On 2 December 2021 the Australian Parliament passed the Autonomous Sanctions Amendment (Magnitsky-style and Other Thematic Sanctions) Bill 2021 (Bill) introducing a new thematic sanctions regime to the Autonomous Sanctions Act 2011 (Act) and Autonomous Sanctions Regulations 2011 (Regulations).
As outlined in our previous update, the amendments expand Australia’s existing autonomous sanctions regime (which enabled Australia to sanction specific countries) to a regime where Australia can directly sanction individuals and entities for engaging in particular types of thematic conduct. The expansion aligns Australia with similar ‘Magnitsky’ style regimes that operate in the United States, United Kingdom, European Union and Canada.
In practice, this means that the Australian Government will be able to impose targeted financial sanctions and travel bans on entities and individuals who are responsible for, or complicit in, egregious conduct identified in the Regulations. This includes malicious cyber activity and corruption.
The amendments will take effect immediately after the Bill receives royal assent (which is typically between 7 to 10 working days). The Government has indicated that it will amend the Regulations once the bill is passed1 and has released an exposure draft of the amendments (Draft Regulations).
As outlined in our previous update, the thematic sanctions regime creates additional exposure risks which companies should be prepared for including by ensuring sanctions screening processes and compliance programs are reviewed to ensure compliance with the Draft Regulations. Experience from the United Kingdom, European Union and United States affirms a heightened global focus on human rights, which is becoming increasingly important in compliance programs.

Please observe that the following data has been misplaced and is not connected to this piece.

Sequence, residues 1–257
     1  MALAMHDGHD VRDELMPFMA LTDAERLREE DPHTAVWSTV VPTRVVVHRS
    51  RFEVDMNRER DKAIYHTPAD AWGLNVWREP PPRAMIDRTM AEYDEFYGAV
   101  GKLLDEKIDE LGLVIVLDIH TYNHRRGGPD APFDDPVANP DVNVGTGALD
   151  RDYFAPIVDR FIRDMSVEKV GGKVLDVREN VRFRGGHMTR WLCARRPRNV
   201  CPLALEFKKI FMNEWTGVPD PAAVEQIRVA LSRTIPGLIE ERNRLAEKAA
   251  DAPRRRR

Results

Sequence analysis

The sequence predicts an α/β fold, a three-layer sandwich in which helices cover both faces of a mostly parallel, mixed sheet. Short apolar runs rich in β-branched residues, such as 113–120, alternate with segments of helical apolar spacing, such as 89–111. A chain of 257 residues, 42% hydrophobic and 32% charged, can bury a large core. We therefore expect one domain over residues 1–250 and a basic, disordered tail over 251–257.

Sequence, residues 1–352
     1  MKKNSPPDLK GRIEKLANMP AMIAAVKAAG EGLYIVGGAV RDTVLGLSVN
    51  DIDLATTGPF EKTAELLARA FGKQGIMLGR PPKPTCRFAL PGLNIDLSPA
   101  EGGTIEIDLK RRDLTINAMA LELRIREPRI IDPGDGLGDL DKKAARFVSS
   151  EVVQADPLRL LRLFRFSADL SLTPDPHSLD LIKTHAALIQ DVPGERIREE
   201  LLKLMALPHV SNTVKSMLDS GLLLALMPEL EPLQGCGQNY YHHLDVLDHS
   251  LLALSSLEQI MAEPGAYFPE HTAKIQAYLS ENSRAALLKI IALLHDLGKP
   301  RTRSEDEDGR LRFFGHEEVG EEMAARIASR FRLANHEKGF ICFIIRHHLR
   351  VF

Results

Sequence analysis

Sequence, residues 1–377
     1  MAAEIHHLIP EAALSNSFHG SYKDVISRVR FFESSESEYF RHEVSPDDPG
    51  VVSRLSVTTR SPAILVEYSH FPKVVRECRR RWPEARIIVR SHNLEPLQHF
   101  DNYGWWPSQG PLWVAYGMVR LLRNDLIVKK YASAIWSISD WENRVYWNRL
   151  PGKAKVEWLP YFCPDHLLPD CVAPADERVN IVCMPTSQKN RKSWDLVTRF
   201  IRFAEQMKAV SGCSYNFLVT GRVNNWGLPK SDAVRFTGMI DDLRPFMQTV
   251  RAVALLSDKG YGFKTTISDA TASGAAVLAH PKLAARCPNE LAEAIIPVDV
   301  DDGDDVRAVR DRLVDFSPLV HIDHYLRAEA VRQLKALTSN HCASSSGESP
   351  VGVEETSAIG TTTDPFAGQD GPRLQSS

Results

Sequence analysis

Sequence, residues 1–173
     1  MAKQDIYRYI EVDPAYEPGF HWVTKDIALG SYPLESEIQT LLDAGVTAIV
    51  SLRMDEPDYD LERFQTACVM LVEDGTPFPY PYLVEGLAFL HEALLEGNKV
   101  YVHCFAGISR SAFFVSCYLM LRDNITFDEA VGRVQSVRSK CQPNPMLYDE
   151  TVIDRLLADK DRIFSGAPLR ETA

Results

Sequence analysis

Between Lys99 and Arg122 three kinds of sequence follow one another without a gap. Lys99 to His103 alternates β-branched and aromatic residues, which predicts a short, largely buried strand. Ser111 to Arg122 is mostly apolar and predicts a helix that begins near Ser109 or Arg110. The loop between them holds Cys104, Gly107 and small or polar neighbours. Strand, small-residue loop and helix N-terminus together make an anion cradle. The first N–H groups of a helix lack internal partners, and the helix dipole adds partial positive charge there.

Key changes to the autonomous sanctions regime
The Bill and Draft Regulations implement key aspects of the Government’s response to the report released in December 2020 by the Parliamentary Joint Standing Committee on Foreign Affairs, Defence and Trade (Committee), which we outlined in our previous update.
The Act has been amended to include:
- a non-exhaustive list of matters that the autonomous sanctions regime may address under the Regulations; and
- a decision-making process which requires the Foreign Minister to consult with, and obtain the approval of, the Attorney General prior to imposing any thematic sanctions.
In addition to the existing themes relating to weapons of mass destruction, threats to international peace and security and human rights abuses, the Draft Regulations introduce three new thematic regimes targeting malicious cyber activity; serious violations / abuses of human rights and activities undermining good governance or the rule of law (including serious corruption). Under the Act, additional thematic categories may be included in the Regulations, including in relation to serious violations of international humanitarian law,2 if the Government deems them necessary.
The contents of this publication are for reference purposes only and may not be current as at the date of accessing this publication. They do not constitute legal advice and should not be relied upon as such. Specific legal advice about your specific circumstances should always be sought separately before taking any action based on this publication.
© Herbert Smith Freehills 2022